Gender and histories of Arctic field science, 1900-1950

Narratives of Arctic travel and exploration typically focus on heroic exploits, tales of derring-do and, in a large number of cases, terrible tragedy. The nineteenth century search for the Northwest Passage, and later for the lost crews of Sir John Franklin, saw over 200 European expeditions travel into the Arctic for a range of reasons. In these stories indigenous people are often side lined, as are stories of women travellers in the far north.

This project provides the opportunity to explore the stories of a range of women in the Arctic, and explore attitudes to women scientists, travellers and collectors in the early 20th century. The project will focus on Phyllis Wager and her sister in law, Kit, but with the opportunity to develop a comparative focus on other key actors, such as Isobel Wylie Hutchison. Phyllis Wager spent significant time over-wintering in Greenland on the British East Greenland Expedition 1935-6. The expedition was led by her husband, Professor L.R. Wager, known as Bill. Among the expedition party was Dr H.G. Wager – the brother of L.R. – and his wife, as well as several Greenlandic people. Phyllis was described as being ‘responsible for all the domestic matters and sometimes assisting with the geological work’, while her sister in law was credited as an ‘assistant botanist’. The Wager archive is based at the Oxford University Museum of Natural History (OUMNH). A preliminary investigation has revealed that the OUMNH has 8 boxes of material on the British East Greenland Expedition 1935-6. The catalogue lists letters to suppliers in her hand as well as a draft article that she wrote. We imagine there is a reasonable amount of material by and about her as the report covers organisation and arrangements; diaries and notes; reports, publications and lectures; and later correspondence and research. The OUMNH also some material instruments, including the dog sleds used by the Wagers. The key for this collaboration is that the SPRI also hold important collections. Of the 80 objects in the SPRI collection linked with L.R. Wager’s expeditions, some 20 are specifically associated with Phyllis, including a typewriter, a range of clothing thought to have been worn by her and some indigenous material cultural artefacts. There is also relevant material at the Royal Geographical Society and other archives. We envisage that after the research on Wager has been undertaken, a second case can be formed around Isobel Wylie Hutchison. Hutchison travelled independently in the Arctic in the 1920s and 30s. She published widely and was a well-known public figure, appearing on the BBC as it boomed in popularity in its first decade. A biography of Hutchison was published in 2001 by Gwyneth Hoyle. Rather than trying to replicate Hoyle’s work, this project will seek to place Hutchison in a wider, comparative context of female Arctic scientists. It will also provide the opportunity to focus on the material culture left behind by Hutchison in the collections of SPRI and National Museums Scotland, Hutchison’s role as a collector is not explored in detail in Hoyle’s book, or in other publications about Hutchison’s travels. These two contrasting examples offer an excellent starting point for this exploration of women scientists in the twentieth-century Arctic. Their histories complicate simplistic origin and identity stories for Arctic field science. They provide an opportunity to explore the different ways in which European travellers interacted with indigenous Arctic people, and the ways in which Arctic travels were shared with audiences – whether on lecture tours or early BBC broadcasts, or through scientific publications and collection of materials for museums which continue to influence what museums display about the Arctic today.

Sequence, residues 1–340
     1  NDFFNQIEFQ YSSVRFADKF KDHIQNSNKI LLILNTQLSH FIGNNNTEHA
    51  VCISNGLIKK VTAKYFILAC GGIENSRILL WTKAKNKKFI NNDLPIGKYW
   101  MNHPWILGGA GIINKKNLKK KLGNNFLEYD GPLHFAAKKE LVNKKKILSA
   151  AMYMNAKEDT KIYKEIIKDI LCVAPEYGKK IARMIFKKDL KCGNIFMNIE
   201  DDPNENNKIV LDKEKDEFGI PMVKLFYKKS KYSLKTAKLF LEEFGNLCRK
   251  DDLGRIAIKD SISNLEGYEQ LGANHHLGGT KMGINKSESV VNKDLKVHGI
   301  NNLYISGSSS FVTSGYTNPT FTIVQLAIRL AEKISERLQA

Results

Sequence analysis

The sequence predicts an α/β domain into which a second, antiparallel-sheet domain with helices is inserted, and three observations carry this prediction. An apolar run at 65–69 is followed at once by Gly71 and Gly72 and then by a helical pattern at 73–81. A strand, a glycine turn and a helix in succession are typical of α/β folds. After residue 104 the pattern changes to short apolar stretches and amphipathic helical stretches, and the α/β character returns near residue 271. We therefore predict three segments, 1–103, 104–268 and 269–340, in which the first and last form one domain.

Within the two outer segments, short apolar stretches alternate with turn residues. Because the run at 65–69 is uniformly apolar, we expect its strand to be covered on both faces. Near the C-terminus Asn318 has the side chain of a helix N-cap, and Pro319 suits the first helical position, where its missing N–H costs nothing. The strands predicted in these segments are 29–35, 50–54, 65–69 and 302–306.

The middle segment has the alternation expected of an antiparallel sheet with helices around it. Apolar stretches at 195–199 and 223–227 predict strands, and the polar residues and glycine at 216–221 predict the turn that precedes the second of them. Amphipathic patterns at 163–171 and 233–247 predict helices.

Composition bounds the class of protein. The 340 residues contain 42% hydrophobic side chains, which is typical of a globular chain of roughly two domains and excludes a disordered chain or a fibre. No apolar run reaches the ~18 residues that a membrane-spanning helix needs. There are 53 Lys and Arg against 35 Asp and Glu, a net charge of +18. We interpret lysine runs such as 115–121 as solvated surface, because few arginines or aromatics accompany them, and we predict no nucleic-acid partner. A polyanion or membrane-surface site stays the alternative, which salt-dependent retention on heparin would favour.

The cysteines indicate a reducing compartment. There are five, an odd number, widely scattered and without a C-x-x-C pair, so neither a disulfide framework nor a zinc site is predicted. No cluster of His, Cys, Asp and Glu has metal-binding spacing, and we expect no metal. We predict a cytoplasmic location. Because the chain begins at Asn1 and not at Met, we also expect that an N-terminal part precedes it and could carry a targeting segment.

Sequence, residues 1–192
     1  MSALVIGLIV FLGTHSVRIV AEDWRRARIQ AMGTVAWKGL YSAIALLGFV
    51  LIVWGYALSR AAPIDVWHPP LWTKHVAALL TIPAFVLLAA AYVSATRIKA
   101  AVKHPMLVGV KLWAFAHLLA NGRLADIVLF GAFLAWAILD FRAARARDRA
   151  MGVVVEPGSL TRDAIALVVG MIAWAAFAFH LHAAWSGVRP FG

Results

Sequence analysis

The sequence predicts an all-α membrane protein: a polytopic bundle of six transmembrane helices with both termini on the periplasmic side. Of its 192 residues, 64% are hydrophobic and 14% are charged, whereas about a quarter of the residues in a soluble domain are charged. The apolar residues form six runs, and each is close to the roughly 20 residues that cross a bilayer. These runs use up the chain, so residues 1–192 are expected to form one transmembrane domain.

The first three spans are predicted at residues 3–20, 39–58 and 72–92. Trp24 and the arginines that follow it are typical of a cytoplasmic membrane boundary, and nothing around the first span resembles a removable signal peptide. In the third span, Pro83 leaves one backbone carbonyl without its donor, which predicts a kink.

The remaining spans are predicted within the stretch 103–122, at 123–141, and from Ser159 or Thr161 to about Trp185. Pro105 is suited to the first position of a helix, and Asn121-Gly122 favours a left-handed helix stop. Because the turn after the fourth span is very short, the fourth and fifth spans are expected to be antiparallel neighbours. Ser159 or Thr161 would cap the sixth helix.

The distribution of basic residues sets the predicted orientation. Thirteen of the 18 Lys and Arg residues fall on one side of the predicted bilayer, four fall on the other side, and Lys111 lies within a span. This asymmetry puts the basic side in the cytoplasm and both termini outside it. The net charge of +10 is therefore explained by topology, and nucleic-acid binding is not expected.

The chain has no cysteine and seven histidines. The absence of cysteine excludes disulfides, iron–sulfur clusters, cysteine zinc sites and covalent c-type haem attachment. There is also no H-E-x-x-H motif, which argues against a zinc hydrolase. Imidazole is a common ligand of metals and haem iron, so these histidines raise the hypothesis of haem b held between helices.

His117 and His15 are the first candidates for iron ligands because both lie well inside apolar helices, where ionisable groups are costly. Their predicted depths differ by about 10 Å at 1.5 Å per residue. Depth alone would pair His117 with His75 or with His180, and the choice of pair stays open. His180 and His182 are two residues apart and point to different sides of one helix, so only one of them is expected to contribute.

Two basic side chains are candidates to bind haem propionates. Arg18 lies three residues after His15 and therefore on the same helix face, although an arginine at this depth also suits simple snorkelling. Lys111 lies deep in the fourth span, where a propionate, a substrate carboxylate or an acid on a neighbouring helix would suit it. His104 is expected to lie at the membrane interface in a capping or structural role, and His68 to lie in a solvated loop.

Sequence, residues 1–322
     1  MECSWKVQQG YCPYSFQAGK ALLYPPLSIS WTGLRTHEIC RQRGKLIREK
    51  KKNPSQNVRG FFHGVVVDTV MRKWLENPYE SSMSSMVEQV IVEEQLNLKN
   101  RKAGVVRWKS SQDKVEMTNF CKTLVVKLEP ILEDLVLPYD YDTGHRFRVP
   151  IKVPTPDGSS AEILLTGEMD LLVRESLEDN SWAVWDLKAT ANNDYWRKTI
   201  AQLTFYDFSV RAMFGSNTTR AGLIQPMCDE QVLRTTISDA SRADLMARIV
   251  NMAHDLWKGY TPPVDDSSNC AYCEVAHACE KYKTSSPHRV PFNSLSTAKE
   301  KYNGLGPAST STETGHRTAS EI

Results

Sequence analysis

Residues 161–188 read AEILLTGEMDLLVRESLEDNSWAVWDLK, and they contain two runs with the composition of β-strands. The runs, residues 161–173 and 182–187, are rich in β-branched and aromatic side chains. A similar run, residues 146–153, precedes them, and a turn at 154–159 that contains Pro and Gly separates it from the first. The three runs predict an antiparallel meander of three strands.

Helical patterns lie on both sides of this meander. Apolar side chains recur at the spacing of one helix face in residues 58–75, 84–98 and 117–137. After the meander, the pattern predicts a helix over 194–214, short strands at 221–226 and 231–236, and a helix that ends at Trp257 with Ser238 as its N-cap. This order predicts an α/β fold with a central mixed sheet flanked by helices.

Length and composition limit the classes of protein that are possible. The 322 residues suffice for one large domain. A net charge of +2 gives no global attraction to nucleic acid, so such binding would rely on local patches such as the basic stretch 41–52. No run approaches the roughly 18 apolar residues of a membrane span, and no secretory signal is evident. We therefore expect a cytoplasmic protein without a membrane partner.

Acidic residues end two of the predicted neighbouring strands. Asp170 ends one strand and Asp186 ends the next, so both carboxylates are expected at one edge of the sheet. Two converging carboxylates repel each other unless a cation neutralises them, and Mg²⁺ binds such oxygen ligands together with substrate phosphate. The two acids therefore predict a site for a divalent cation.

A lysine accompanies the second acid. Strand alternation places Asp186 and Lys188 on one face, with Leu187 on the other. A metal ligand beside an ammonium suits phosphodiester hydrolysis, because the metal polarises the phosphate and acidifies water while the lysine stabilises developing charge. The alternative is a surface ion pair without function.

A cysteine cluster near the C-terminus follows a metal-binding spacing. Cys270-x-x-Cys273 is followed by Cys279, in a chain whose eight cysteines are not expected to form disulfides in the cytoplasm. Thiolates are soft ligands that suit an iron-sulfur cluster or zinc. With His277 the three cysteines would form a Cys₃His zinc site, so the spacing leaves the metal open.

Grant reference
Arts and Humanities Research Council
Total awarded
£0 GBP
Start date
30 Sep 2020
3 years 3 months 1 day
End date
31 Dec 2023